...you know, they take a whileto work sometimes. So I was like, don't spend too little,but don't spend too much. Okay, that's that is a fantastic piece ofadvice. It's super, super specific, Teken, so I really appreciate yousharing that insight with this Patrick. Oh Yeah, for sure. We walkedaway from clients and said just save you money. I mean we don't.The end of the day. We keep clients, you know, for ten, fifteen years, you know, because we treated like it's our money andwe just we've seen too many people come in and say, okay, Iwant to spend tenzero and we say stay in digital, stay in print.You know, where you can actually track it. There's so much breakage andwhat we do? You have to really invest the time and resources it.That makes perfect sense. Is there there anything else related to podcast advertising,Patrick, that you think our audience should know before before I get into ourlast question today, Gum, I would just say that podcasting is changing abit in dynamically inserted adds versus embedded. So the way podcast first started wasinbedded ads would live within a show for...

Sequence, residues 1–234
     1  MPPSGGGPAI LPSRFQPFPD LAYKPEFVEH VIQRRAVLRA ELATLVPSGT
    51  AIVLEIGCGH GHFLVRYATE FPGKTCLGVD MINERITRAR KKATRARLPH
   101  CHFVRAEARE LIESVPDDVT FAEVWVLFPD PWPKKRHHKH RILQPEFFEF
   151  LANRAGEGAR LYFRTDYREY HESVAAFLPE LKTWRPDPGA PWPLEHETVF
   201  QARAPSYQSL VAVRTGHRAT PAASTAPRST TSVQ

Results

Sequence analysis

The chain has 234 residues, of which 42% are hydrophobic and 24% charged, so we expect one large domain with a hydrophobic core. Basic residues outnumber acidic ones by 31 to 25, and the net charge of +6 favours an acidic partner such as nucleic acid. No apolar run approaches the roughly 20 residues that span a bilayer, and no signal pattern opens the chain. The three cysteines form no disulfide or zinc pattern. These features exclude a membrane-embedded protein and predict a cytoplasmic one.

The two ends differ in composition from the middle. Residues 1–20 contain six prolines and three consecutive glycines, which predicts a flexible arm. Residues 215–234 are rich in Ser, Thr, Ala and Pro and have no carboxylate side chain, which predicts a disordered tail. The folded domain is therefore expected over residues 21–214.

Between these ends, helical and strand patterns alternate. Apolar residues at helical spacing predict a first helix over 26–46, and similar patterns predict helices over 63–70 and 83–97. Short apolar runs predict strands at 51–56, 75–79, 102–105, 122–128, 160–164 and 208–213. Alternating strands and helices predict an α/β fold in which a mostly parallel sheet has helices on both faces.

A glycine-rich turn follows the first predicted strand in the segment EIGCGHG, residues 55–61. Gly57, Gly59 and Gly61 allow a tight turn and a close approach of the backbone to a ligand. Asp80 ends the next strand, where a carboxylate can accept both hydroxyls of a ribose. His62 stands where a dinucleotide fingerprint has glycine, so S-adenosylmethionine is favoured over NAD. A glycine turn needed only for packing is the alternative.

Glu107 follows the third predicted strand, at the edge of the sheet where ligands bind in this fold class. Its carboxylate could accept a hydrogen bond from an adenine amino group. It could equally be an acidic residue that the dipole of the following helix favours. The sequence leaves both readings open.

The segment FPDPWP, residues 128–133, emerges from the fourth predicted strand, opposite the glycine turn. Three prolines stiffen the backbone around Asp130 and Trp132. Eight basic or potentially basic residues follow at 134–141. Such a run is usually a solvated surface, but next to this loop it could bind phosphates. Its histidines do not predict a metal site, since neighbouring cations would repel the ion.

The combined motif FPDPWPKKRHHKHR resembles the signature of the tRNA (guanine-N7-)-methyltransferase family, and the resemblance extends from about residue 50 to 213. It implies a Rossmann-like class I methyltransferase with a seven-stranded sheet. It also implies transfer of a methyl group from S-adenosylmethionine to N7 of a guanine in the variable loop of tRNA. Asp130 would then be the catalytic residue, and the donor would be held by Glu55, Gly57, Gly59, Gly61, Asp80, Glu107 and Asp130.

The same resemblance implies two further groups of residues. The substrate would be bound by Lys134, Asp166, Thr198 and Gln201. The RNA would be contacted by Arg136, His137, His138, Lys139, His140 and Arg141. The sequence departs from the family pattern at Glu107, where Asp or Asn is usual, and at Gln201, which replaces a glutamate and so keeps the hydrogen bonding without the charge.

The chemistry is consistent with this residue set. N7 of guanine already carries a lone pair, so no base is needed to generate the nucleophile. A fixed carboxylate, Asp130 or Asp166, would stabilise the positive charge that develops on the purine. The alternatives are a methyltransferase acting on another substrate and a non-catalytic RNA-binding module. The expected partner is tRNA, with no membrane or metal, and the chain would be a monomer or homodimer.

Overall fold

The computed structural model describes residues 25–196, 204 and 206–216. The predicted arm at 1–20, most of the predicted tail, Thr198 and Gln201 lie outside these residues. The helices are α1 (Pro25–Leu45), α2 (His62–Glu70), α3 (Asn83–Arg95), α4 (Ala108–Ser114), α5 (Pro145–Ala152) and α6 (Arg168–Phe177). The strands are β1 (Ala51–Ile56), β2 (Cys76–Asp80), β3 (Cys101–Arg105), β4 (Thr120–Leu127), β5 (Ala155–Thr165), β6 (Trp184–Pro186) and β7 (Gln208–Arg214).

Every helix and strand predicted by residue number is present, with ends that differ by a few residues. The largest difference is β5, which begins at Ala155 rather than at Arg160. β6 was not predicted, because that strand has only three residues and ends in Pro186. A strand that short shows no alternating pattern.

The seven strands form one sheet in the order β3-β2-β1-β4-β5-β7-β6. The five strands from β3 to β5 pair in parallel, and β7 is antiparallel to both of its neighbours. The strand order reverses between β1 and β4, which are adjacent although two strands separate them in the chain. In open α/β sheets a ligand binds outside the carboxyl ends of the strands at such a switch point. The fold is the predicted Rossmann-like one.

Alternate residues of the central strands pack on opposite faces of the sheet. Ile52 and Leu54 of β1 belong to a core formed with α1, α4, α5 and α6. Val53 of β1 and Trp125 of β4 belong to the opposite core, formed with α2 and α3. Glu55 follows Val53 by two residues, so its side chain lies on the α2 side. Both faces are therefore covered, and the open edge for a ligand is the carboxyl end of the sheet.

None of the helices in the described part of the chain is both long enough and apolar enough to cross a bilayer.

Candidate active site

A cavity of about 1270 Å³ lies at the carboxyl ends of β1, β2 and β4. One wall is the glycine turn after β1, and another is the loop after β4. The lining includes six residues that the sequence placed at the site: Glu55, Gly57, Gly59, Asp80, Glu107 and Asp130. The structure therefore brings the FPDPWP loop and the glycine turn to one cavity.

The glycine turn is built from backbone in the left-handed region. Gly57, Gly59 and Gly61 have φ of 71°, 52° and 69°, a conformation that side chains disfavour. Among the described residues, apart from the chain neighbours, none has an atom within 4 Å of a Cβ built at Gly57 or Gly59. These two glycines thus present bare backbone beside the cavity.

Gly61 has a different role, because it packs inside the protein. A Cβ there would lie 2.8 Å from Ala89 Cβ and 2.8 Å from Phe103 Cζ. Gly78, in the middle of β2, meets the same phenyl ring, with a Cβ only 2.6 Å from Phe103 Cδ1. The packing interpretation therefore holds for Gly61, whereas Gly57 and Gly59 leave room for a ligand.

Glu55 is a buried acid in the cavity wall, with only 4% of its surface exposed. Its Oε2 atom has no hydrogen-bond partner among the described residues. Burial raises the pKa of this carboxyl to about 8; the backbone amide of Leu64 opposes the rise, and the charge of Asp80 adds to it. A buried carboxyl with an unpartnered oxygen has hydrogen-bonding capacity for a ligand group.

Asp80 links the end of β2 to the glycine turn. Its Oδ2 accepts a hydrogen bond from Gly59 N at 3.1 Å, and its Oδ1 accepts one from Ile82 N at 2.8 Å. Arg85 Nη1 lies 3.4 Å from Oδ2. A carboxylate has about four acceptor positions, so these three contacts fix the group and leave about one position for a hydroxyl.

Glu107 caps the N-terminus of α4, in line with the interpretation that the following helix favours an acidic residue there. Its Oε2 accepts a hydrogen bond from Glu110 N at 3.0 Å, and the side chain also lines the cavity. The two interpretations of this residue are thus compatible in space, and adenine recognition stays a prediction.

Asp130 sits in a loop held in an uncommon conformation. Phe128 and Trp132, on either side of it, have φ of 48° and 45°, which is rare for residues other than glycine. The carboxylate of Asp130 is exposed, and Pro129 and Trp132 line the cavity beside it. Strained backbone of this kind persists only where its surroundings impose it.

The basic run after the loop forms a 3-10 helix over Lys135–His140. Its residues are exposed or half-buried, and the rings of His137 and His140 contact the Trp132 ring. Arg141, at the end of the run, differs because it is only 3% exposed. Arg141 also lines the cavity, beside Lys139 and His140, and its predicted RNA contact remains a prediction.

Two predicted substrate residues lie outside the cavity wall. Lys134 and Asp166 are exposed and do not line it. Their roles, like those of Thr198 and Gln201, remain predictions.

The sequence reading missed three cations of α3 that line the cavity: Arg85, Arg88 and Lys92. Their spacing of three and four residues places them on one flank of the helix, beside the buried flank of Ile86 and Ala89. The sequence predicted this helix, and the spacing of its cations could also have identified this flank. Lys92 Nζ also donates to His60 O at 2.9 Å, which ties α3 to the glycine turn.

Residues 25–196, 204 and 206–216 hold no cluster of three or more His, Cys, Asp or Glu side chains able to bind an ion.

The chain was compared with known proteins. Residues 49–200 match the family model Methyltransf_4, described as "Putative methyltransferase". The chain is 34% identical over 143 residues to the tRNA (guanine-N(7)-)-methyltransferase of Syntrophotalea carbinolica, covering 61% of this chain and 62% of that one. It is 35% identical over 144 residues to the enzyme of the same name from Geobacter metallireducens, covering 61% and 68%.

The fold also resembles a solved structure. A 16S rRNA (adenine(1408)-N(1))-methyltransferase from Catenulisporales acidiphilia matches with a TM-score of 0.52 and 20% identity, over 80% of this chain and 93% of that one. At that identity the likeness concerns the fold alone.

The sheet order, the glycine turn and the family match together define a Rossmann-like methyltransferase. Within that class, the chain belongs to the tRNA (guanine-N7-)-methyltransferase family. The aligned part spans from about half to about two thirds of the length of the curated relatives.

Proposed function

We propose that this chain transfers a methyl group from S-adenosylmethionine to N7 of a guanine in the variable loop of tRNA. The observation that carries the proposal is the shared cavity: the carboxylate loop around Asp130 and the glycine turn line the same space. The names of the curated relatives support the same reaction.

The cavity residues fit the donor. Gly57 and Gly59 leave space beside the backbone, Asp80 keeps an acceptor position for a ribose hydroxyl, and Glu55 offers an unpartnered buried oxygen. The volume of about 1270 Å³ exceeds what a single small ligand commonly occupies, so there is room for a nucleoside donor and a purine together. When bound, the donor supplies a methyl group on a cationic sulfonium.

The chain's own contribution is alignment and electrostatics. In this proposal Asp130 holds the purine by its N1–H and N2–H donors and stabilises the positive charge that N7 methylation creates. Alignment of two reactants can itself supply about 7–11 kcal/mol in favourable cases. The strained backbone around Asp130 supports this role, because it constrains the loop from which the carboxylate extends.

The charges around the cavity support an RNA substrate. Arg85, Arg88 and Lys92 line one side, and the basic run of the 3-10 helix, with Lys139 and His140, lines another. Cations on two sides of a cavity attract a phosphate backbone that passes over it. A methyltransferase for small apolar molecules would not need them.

...perpetuity. So hypothetically, let's sayyou know Alec Baldwin on here is the thing which the MP our podcast fiveyears ago. If that show is running, that add that he read, thathe interviewed Michael Douglas, let's say, would stay forever. Your ad wouldstay in there. Nowadays, what they're doing, the bigger shows aredoing it already. About forty percent of shows are doing it. It's dynamicallyinserted. So you're buying impressions. So basically the add still read by AlecBaldwin, let's say. But what happens is as soon as you get youragreed upon number of impressions, your ad is removed and a new AD isput in. So be aware of dynamically assorted. Be Aware of embedded versusthat. In a clincer, we like to have embedded because embedded works better, because it has a longer shelf life and you get drag okay, sothat's one thing. Also, be weary of buying just pre roll beginning ofan ad, beginning of a show or...